Romeo and Juliet:

In the play, Romeo and Juliet, by William Shakespeare, two teenagers fall in love. However, their families are sworn enemies tied to an ancient grudge. The two plan to marry in secret and find just the person to help them with the arrangements.

Đang xem: Why does friar laurence agree to marry romeo and juliet

Answer and Explanation:

When Romeo goes to see Friar Laurence in Act 2 Scene 3, he asks the Friar to marry him and Juliet. At first, the Friar is taken aback because Romeo…

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The morning after meeting Juliet, Romeo heads to Friar Laurence to set his plans into action. Act 2, Scene 3 represents a turning point in “Romeo and Juliet” and shows that the best of intentions can turn out in the worst of ways.

This lesson provides readers with a concise summary of Act 2, Scene 4 of Shakespeare”s “Romeo and Juliet.” It also includes a short quiz to check comprehension.
Act 1 Scene 4 is Romeo”s last chance to turn around before meeting Juliet. It also introduces us to Mercutio, perhaps the funniest Shakespeare character of them all. This lesson will cover the summary of Act 1 Scene 4 of “”Romeo and Juliet.””
In this lesson, you”ll find a summary of Act 2, Scene 1 of William Shakespeare”s famous tragedy about star-crossed lovers, Romeo and Juliet. Included is a short quiz to check your understanding.
In this lesson, we”ll take a look at a synopsis and analysis of Act 1, scene 3 of William Shakespeare”s famous tragedy about two young star-crossed lovers, “Romeo and Juliet.”
In this lesson, you”ll find a short summary of the famous balcony scene, or Act 2, Scene 2, of William Shakespeare”s tragic romantic play “”Romeo and Juliet.””
This lesson provides a brief synopsis of the action of Act III, scene 5 of William Shakespeare”s famous tragedy “Romeo and Juliet,” where the two lovers finally reunite.
In this lesson, you”ll find a short synopsis of Act 3, scene 1 of William Shakespeare”s “Romeo and Juliet.” A short quiz follows to test your comprehension.
These questions from Act 4 of William Shakespeare”s “Romeo and Juliet” are divided into sections by theme. Some of the more complex questions also include a brief explanation in order to better aid in the discussion.
Great tragedies resonate throughout time. In this lesson, we”ll go over the role of fate in Shakespeare”s Romeo and Juliet. We”ll explore the story of his star-crossed lovers and explain some of his most famous quotes.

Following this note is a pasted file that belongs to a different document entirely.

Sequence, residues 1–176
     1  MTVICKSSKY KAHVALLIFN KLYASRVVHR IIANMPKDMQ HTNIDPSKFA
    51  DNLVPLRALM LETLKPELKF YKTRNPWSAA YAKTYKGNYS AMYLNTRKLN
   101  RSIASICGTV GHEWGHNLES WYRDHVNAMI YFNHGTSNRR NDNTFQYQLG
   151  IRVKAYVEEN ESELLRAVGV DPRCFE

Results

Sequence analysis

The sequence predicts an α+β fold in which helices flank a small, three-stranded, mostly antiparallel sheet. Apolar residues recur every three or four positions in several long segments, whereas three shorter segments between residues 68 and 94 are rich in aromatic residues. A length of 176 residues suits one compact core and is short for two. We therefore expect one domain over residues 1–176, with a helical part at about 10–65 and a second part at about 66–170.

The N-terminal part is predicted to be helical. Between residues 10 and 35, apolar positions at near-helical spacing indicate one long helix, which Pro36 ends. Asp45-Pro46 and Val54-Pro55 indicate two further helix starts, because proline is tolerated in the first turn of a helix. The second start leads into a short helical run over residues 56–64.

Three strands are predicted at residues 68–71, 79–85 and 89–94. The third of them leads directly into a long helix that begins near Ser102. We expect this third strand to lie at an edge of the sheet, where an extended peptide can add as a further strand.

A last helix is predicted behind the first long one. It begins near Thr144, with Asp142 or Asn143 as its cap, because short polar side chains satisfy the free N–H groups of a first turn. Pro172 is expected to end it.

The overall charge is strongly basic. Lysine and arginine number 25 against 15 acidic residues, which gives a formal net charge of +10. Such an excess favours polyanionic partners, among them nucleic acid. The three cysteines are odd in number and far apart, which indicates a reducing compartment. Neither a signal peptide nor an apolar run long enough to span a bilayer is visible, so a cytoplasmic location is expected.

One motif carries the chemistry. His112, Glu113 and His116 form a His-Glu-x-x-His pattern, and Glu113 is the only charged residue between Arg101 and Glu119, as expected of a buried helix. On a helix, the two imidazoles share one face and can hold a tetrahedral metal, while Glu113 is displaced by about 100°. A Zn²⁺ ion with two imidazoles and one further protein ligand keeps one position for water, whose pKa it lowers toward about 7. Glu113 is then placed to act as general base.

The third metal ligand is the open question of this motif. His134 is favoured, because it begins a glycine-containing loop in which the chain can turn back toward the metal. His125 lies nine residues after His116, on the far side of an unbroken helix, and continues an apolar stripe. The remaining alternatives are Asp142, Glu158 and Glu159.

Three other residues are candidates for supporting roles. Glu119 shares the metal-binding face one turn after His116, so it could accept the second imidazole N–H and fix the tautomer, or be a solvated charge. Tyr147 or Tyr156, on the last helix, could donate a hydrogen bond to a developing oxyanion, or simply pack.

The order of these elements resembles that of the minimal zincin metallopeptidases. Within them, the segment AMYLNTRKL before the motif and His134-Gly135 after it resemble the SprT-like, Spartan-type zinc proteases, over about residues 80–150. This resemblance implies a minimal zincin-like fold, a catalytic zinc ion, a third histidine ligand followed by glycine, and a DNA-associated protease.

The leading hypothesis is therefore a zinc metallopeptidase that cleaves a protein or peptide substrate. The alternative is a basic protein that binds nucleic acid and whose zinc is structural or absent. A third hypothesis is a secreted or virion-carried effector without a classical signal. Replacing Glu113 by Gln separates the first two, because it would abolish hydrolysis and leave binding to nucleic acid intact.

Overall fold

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In this lesson, we take a look at some questions for Act 2 of William Shakespeare”s “”Romeo and Juliet,”” which are organized by theme. Some of the more complex questions are followed by a brief expansion and possible discussion points.
This series of questions about Act 1 of William Shakespeare”s “”Romeo and Juliet”” are divided by theme. Some of the more complex questions include possible discussion points.
This lesson provides a synopsis of Act 4, scene 5 of William Shakespeare”s tragedy “”Romeo and Juliet.”” You will discover the family”s reactions to Juliet”s “death.”
Friar Laurence may be the most important character in Shakespeare”s play not named Romeo or Juliet. Read about the importance of Friar Laurence”s soliloquy and how if a certain letter had made it to Romeo, an epic tragedy could have been avoided.
There is a great deal of exciting and descriptive vocabulary in Act Two of William Shakespeare”s “”Romeo and Juliet.”” Help your students break down these words and understand their meaning on a deeper level.
These discussion questions from Act 5 of William Shakespeare”s “Romeo and Juliet” are organized according to themes. Some of the more complex questions will be briefly expanded to better aid meaningful discussion.
We are told that contradictions are illogical, but in literature, authors use contradiction to express complex emotions. In this lesson, we”ll analyze the use of oxymoron in the play “”Romeo and Juliet”” and see how contradiction works as an expressive tool.
Alliteration is the repetition of initial consonant sounds within a passage of text. Shakespeare”s “Romeo and Juliet” contains several examples of this literary device, which is often used to make a line from the play memorable to the audience.
In this lesson, we will examine a famous Shakespearean monologue and attempt to understand a complex fairy tale of sorts. Told from one of the bard”s most beloved characters, Mercutio, this speech is not only fun to read but exciting to pick apart.
This lesson will explore the character of Count Paris in William Shakespeare”s tragic drama “”Romeo and Juliet””, analyzing his significance to the play.

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The classic play “Romeo and Juliet” by William Shakespeare has deeply impacted hearts throughout the centuries. Read on to better understand the nature and motivations of these two famous lovers.

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